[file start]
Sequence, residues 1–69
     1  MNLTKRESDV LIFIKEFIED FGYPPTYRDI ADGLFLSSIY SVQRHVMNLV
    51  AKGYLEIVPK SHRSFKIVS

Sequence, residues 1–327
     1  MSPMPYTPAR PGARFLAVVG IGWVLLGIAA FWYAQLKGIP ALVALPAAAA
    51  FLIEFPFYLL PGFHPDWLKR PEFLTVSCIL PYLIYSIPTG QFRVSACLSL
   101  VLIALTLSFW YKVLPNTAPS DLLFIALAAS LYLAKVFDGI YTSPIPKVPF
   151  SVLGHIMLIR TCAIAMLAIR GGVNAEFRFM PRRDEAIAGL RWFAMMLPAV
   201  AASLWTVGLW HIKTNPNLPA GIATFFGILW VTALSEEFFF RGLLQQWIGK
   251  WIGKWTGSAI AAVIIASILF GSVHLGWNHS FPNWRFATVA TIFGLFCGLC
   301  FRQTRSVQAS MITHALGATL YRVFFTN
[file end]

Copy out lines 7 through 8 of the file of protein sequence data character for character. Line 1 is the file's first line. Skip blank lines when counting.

   101  VLIALTLSFW YKVLPNTAPS DLLFIALAAS LYLAKVFDGI YTSPIPKVPF
   151  SVLGHIMLIR TCAIAMLAIR GGVNAEFRFM PRRDEAIAGL RWFAMMLPAV